State tabs alternative material for road striping as paint dries up (UPDATE)
Published: June 16, 2010
Tags: Federal Highway Administration, FHA, highway, Jim Johnson, Notbohm, paint, resin, Sherwin Williams, shortage, striping, Trempealeau County, Wisconsin Department of Transportation, WisDOT
Road paint shipments to Wisconsin are at a slow drip, leaving the state with few options but to approve a new type of material for limited use.
The shortage of paint is affecting areas such as Trempealeau County, which cannot restripe state or county highways this week because there is no paint, said Highway Commissioner Jim Johnson. He said he ordered enough paint to finish this year’s planned striping projects but does not know if those shipments will arrive.
The Federal Highway Administration last week sent state departments of transportation a letter reporting that 14 states, including Wisconsin, are affected by a nationwide shortage of road paint. The shortage is caused by a decrease in the production of resins and other ingredients used to produce the paint.
“For our routine striping work, it has slowed down in getting that work completed,” said Tom Notbohm, Wisconsin Department of Transportation state traffic engineer of design. “We have contracts with counties to do that work for us and, yes, there have been some slowdowns in that work.”
WisDOT, in an attempt to make sure there is enough paint to last the season, this month approved a new type of paint, which is manufactured by The Sherwin Williams Co. Contractors can use the new paint for temporary road lines drawn during construction projects but not for permanent stripes on finished roads, Notbohm said.
The new paint uses a different resin from material the state previously approved, Notbohm said, so it is not affected by the nationwide materials shortage. The new paint should let contractors keep road projects on schedule, he said, and will lower the demand for the paint counties need for finished roads.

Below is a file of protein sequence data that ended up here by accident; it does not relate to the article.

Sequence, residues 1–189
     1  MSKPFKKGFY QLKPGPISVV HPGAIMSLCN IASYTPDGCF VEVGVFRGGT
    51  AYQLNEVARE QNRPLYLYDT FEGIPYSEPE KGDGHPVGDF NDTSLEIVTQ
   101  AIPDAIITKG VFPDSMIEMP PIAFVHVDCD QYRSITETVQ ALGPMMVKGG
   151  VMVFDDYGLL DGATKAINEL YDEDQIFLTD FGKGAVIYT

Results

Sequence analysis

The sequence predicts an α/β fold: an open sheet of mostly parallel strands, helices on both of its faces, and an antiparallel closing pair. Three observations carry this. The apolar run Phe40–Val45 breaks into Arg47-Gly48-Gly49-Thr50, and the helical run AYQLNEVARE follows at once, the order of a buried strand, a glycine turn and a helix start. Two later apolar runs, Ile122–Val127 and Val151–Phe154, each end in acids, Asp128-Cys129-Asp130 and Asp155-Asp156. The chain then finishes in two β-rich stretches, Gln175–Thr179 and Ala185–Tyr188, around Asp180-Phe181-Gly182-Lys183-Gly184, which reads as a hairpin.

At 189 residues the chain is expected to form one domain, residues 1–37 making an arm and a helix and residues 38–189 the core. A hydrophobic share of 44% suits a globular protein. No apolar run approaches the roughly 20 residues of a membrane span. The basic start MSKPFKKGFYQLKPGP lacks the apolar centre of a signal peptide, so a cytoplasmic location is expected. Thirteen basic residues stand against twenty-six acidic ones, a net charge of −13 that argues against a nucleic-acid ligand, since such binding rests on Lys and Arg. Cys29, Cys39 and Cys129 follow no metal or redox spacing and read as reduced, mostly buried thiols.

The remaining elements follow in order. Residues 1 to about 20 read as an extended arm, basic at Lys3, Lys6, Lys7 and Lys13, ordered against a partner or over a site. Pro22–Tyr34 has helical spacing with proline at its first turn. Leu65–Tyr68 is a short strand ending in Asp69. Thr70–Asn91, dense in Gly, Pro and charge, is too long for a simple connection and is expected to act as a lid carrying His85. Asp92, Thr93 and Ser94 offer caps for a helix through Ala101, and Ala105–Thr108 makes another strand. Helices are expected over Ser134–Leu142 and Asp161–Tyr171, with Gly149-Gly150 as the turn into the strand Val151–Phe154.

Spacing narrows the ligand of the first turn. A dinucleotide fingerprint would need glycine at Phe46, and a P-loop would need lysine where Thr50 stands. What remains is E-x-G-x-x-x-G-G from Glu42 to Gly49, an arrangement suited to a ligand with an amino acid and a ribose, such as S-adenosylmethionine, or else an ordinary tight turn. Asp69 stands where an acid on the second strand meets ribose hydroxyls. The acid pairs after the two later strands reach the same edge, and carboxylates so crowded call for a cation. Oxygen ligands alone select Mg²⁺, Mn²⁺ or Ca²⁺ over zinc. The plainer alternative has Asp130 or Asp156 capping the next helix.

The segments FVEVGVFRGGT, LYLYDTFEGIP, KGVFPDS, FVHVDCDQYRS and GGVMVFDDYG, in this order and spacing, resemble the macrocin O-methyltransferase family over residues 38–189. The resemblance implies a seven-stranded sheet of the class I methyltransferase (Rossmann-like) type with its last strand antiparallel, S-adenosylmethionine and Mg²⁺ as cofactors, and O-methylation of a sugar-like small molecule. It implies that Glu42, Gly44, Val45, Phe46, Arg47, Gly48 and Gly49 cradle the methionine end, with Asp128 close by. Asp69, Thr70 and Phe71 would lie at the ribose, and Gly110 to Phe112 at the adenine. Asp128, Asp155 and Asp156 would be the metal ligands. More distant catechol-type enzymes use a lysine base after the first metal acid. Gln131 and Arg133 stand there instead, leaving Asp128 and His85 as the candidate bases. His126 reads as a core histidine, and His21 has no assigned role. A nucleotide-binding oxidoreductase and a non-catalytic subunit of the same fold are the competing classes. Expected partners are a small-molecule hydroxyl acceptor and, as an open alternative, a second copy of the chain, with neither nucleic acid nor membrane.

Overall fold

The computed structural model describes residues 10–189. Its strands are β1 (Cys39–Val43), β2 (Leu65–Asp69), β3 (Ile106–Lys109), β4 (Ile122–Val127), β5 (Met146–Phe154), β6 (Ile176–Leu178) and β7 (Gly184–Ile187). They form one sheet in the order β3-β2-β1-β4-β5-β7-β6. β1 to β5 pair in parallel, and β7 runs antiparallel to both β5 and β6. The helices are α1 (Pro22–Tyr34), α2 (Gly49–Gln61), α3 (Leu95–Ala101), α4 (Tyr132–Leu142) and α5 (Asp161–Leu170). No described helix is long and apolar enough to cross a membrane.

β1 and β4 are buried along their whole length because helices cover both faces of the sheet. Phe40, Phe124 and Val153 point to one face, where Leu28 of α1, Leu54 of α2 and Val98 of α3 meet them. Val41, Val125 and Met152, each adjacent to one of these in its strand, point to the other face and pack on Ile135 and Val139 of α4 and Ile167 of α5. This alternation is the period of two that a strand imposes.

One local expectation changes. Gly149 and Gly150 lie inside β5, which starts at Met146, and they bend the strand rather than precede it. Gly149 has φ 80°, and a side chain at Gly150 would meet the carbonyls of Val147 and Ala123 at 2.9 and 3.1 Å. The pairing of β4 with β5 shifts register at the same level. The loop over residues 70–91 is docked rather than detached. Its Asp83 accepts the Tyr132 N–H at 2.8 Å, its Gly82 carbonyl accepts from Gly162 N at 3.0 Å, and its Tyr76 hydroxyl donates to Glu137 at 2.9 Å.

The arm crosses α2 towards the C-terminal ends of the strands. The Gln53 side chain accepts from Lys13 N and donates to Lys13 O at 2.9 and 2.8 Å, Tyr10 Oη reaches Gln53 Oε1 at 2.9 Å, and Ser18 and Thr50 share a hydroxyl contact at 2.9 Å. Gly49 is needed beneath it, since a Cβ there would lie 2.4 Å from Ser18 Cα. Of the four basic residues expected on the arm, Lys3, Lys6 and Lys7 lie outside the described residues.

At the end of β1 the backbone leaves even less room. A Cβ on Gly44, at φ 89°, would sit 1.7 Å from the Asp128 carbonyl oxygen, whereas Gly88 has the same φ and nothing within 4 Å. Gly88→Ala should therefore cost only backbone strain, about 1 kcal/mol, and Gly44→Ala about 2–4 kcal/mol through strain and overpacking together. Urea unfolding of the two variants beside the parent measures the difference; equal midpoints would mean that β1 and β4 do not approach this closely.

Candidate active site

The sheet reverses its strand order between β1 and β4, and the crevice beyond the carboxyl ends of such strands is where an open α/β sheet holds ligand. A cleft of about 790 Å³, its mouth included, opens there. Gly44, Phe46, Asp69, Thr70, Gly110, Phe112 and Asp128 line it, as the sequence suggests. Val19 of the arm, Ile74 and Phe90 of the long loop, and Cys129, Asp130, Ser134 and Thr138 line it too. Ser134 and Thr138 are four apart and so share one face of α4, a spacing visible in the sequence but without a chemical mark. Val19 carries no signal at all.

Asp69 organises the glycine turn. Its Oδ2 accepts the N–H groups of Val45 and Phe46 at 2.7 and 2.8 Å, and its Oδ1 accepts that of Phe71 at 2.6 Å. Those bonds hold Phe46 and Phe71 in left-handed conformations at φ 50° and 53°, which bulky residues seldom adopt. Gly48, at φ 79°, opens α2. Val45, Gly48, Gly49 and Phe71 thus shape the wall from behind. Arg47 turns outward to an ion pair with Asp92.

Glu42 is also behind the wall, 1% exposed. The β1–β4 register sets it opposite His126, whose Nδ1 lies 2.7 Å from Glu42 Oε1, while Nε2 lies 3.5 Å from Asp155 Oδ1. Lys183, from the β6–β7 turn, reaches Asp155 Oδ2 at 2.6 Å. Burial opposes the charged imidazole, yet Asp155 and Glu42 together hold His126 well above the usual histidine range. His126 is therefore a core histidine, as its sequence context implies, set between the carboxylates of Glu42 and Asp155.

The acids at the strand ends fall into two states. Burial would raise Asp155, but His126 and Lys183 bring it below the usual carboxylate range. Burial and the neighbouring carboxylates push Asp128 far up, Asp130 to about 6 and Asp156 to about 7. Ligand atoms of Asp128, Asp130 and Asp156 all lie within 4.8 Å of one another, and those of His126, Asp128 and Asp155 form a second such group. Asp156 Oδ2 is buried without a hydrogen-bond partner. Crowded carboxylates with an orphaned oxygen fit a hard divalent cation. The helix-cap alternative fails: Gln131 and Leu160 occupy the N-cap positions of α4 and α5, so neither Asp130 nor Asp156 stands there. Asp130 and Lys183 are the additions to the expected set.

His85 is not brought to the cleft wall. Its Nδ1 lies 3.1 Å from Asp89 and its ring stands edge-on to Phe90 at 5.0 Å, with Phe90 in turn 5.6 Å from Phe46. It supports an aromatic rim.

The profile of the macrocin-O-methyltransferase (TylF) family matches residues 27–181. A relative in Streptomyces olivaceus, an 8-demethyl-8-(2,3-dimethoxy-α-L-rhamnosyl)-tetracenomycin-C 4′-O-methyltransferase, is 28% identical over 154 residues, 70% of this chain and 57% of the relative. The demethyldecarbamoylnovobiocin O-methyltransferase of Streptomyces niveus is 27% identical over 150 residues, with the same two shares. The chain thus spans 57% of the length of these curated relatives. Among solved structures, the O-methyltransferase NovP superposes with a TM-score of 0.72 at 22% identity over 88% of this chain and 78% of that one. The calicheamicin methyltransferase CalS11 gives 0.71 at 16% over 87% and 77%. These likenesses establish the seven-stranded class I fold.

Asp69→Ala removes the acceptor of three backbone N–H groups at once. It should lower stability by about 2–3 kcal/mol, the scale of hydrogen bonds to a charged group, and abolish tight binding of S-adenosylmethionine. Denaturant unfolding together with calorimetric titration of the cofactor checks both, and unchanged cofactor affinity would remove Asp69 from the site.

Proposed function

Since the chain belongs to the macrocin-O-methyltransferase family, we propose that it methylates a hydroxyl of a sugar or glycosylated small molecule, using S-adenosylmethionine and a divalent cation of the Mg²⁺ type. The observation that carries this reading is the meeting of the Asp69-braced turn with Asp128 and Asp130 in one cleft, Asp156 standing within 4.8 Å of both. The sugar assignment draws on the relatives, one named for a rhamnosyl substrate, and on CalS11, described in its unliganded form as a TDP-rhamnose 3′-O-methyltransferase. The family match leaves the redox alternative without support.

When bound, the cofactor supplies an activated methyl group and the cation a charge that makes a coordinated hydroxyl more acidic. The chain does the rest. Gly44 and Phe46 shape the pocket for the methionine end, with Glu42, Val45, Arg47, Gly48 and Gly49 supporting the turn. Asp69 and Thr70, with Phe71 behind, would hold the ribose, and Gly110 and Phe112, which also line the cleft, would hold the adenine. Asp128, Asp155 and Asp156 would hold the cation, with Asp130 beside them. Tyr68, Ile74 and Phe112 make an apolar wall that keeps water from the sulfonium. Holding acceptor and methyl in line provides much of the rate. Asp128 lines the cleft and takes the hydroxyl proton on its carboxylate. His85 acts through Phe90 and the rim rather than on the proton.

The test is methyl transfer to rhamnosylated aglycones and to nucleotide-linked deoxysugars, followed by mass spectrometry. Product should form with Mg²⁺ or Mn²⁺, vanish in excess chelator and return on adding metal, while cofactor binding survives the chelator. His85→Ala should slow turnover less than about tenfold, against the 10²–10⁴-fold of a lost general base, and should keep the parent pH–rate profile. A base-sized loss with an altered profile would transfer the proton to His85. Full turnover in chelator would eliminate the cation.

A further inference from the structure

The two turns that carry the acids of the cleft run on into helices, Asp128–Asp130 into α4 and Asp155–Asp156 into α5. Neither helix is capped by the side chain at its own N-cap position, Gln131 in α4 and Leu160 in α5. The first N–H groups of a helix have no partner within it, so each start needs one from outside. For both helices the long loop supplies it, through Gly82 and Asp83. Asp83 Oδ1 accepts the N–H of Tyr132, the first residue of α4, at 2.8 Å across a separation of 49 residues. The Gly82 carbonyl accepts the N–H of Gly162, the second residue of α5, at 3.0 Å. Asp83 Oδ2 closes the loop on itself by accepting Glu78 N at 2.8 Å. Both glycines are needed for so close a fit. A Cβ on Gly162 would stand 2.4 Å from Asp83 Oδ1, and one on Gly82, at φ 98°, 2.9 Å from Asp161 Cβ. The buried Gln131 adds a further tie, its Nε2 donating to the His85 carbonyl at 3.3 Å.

WisDOT earlier this year contracted with Sherwin Williams to supply paint for restriping finished road.
Notbohm said he is comparing paint requests from county highway crews with the amount of paint Sherwin Williams has available to see if there is enough for the restriping work scheduled for 2010.
If the shipments later this year fall short of the planned work, some projects will be delayed until next season. Notbohm said county highway departments are focusing on the highways with the most faded lines.
“Our paint supplier has also indicated that they’re looking at another means to manufacture resins to alleviate the supply issue,” he said. “But we have not been told how much of the supply that would be able to meet.”
The state restripes about 11,363 miles of road lines on highways each year, he said. The state needs 200,000 gallons of paint for that work, and, Notbohm said, counties have enough to handle at least a quarter of that workload.
Johnson said as long as more paint arrives, there is still enough time for Trempealeau County crews to finish the restriping. The county needs another six or seven shipments of paint to close out the year, he said.
But with his stock running dry this week, Johnson said, his crews are working on other maintenance projects while they wait for the next delivery.
“Right now,” he said, “our crews would be out every day if we had the materials.”